Callanan tours Europe as part of baseball team with local connection

 

In a few weeks, Ridgefielder Ryan Callanan will leave town to begin his freshman year at Lafayette College. Thus, one journey begins, although Callanan — an All-FCIAC lefty pitcher who led RHS to a state quarterfinal berth in the spring — took another interesting expedition over the summer.

Callanan was among the players selected to compete on the Old World Baseball (OWB) squad that toured Europe for a 10-game swing. Old World was founded two years ago by Ridgefield resident (and Greenwich real estate attorney) Stephan Rapaglia along with a partner, Tom Gillespie (a Europe-based baseball scout).

The teams are comprised of players who are graduating high school seniors who will be playing on their college baseball teams. Rapaglia grew up in Rye, N.Y., pitched at Amherst College, and spent one season in the Houston Astros’ minor-league system as a non-drafted signee 20 years ago.

“I was 5-3, but the next year in spring training, I was a given a quick look and then carfare home,” said the affable Rapaglia. His college coach, Bill Thurston recommended Rapaglia try Europe. He got on a plane immediately to Rotterdam and wound up pitching for Neptunus, one of the Dutch league’s premier squads. Although he didn’t speak Dutch, he didn’t feel uncomfortable in Europe as he had been born in Tuebingen, Germany, to American parents (his father was on a work assignment).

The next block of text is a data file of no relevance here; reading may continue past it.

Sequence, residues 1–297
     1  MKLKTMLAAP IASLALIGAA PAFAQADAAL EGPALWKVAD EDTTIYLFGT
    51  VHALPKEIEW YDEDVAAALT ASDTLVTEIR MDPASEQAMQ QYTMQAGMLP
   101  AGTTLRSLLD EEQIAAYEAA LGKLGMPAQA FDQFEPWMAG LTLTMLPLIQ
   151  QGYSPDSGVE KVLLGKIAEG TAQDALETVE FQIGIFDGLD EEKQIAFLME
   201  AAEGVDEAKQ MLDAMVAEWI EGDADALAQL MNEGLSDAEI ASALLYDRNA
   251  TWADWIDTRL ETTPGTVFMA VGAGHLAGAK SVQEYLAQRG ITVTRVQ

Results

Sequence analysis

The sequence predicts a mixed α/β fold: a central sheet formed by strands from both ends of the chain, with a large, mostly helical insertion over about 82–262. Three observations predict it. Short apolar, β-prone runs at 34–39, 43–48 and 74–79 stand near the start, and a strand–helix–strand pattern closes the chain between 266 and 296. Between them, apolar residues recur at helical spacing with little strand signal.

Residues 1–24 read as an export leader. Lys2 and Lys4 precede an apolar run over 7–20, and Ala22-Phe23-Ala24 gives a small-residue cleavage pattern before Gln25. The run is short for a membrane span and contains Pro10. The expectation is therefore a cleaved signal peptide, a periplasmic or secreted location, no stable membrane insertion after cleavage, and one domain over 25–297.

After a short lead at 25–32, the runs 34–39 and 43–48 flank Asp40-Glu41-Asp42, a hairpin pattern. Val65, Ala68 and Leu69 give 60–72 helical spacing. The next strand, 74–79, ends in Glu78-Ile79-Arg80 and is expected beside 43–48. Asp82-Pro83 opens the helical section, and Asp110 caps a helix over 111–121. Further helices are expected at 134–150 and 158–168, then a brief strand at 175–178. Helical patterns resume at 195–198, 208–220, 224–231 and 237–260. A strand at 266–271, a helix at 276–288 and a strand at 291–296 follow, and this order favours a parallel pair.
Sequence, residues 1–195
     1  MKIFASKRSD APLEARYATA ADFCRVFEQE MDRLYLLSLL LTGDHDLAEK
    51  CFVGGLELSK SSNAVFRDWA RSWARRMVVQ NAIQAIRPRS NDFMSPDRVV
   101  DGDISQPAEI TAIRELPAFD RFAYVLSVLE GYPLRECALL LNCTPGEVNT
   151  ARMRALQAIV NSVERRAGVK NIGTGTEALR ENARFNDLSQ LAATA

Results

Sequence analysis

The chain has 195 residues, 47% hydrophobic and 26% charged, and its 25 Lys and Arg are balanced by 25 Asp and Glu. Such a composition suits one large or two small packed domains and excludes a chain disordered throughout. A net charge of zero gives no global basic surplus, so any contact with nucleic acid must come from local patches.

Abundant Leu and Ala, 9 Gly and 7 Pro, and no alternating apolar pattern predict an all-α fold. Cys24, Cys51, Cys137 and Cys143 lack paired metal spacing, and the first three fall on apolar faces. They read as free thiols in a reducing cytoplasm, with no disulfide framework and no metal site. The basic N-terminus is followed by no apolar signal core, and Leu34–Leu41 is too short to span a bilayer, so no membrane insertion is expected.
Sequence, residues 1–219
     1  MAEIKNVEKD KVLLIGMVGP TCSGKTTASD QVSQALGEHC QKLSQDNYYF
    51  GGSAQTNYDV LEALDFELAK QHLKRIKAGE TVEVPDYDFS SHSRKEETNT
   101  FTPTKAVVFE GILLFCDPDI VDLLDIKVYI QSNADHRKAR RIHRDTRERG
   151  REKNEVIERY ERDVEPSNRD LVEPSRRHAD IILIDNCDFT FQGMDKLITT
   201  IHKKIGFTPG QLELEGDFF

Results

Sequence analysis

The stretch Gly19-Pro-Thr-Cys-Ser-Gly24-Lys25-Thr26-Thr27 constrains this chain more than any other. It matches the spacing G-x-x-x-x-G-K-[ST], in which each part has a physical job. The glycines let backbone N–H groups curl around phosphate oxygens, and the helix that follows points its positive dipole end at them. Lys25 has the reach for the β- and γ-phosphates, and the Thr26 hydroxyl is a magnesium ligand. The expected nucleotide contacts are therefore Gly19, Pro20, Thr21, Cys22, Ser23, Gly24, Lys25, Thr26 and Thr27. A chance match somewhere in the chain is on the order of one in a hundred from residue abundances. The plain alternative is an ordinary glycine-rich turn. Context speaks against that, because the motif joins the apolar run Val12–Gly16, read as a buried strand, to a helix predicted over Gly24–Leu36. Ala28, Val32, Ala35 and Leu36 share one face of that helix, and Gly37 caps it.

Rapaglia returned to teach history at Rye Country Day School, but he couldn’t shake the baseball bug and played independent ball in Pennsylvania before a rotator cuff injury in 1996 sent him to Pace Law School. Yet, he remained in the game and was pitching coach for Iona College. He also was the player-manager for Tuebingen’s major league German team.

Answering an advert online in 2005 led him to England, where he was named head baseball coach of Team Great Britain. Two days later, the International Olympic Committee eliminated baseball as an Olympic sport.

“I was kind of crushed, but the five years in the UK were wonderful, though I now had a wife and three kids, so I became a weekend commuter to Heathrow to coach.”

Rapaglia’s love affair with baseball and Europe made OWB a perfect business marriage.

“I wanted to give American kids a taste of European baseball against a variety of youth squads, older players, and against national teams such as Czech U-21 and Belgium. And we used wood bats.”

Callanan’s trip this summer included nine games in 10 days and visits to eight cities in three countries.

“Europe was amazing,” said Callanan. “While we didn’t fare very well on the field, pitching against the European teams was something that I will remember for the rest of my life.

“The best memory I have from on the field was when I got to pitch against the Solingen Alligators, a German major league team. After the game, we had dinner in the clubhouse with their players and they all told us about what is was like to play professional baseball in Germany. Off the field, I had a great time meeting new kids from all over the country and especially seeing all of the different places we traveled to.

“We got to stay in a variety of accommodations, from four-star hotels to youth hostels. They all really gave great insight into the culture of Western Europe. One day, we got to tour Leiden, a beautiful college town in the Netherlands. That was my favorite of all of the different places we saw just because it was so old but its buildings are still perfectly preserved. Overall, the trip was one of the best things I have ever done.”

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